The trail runs just below the road, so you are about as close to the water as you can be, and the numerous interpretive panels along the route help tell you exactly what you are looking at.

The great thing about this trail is that it is 10 feet wide, meaning it’s accessible to all. We enjoyed the walk all the way from Incline Village to Sand Harbor State Park. It’s also a perfect path for bikers and it is open all year round.

Two girls cycling along the paved pathway of the Tahoe East Shore Trail with a view of the blue water of the lake and trees along the trail.
It’s also a great biking trail!

TIP: You can’t park in many places, as the signs around the parking areas say you can park for 20 minutes only, and you don’t want to be fined. We parked at Sand Harbor, which charges for parking, but it’s more convenient.

8. Stateline Lookout Trail

Distance: 1.7 miles
Type of Trail: Loop
Difficulty: Easy
Elevation Gain: 305 feet

Other important info:

  • Dogs are allowed
  • No fee is required for this trail

This paved trail may be short, but it is steep, so get ready for a climb. We are talking about a grade of 8% to 12%. It was a mini calf workout for us—it’s a good prepper for the rest of the trails in Tahoe!

Nina sitting on a wooden bench looking out over Lake Tahoe an it's forests on a sunny day.
A well deserved rest after the climb!

Despite its short length, you start in Nevada and end up in California! From the moment you step foot on the trail, the lake’s views keep improving as you wind your way up around the hill, straddling the state line.

Once you reach the top of the hill, there is a great viewing area with a few interesting interpretive signs, benches to catch your breath, and stunning views out over the lake.

A view over boats on Lake Tahoe with trees surrounding the lake from the Stateline Lookout Trail.
The views from up here are endless…

This area used to be the home of a fire lookout tower—in fact, one of the earliest fire lookouts in the Lake Tahoe Basin. Although it was taken down in 2002, you can still explore the base of the tower.

9. Eagle Rock Trail

Distance: 0.7 miles
Type of Trail: Out & Back
Difficulty: Moderate
Elevation Gain: 236 feet

Other important info:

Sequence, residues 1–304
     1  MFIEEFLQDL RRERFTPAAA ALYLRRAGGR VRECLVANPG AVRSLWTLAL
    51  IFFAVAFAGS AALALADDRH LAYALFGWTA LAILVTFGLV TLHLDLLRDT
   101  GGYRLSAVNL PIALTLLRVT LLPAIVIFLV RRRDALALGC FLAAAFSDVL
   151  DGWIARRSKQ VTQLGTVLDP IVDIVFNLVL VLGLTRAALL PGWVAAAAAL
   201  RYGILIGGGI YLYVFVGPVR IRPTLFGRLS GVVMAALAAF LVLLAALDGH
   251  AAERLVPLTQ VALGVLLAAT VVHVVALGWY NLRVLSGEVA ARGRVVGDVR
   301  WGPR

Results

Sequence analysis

• Dogs are allowed
  • No fee is required for this trail

You don’t need to climb a mountain to get incredible vistas of the lake; Eagle Rock Trail has you covered and is one of the best hikes in Lake Tahoe.

Nina in a pink top, sitting on a rock with her arms spread in a happy pose overlooking Lake Tahoe and the forests from Eagle Rock Trail.
Overlooking Lake Tahoe from the Eagle Rock Trail.

Short and sweet, the Eagle Rock Trail packs a lot of punch. The trail starts as a path with some nice clear switchbacks, but it isn’t long until the path turns to rocks and you’ll have to use your trail-finding skills to find the path.

Essentially, if you keep heading upwards, you can’t go too wrong, and once you reach the rocks at the top, the views of Lake Tahoe and the surrounding forests are breathtaking.

TIP: If you can make it up for sunrise, you won’t be disappointed.

Golden sunrise light shining down over Eagle Rock Trail and the forests around it.
Golden sunrise light over Eagle Rock.

10. Cave Rock Trail

Distance: 0.8 miles
Type of Trail: Out & Back
Difficulty: Easy
Elevation Gain: 118 feet

Other important info:

  • Dogs are allowed
  • No fee is required for this trail

Head up to the top of Cave Rock and then hop back in your car and drive through the tunnel along Highway 50.

It’s a short hike with big rewards. For most of the route, you’ll have views of the lake, and before long, you will reach the base of the rock. At this point, it is up to you if you go up.

If you are up for a bit of a scramble, go for it! You may need to use your hands, but it isn’t too tricky.

A view from Cave Rock overlooking the highway besides Lake Tahoe and snowy mountains in the distance on a sunny day.
Lake views from the Cave Rock Trail.

Cave Rock, also known as Lady of the Lake, can be seen from most points around the lake and is considered sacred to Washoe Indians. Look very carefully, and you may see a woman’s face in the rocks.

TIP: There isn’t much parking, but the hike only takes around 15 minutes, so it is a very short turnover. It is perfect if you are short on time but still want some epic vistas, and it is even better at sunset.

Read more of our guides to Lake Tahoe:

We hope this helped you figure out which hikes in Lake Tahoe to tackle!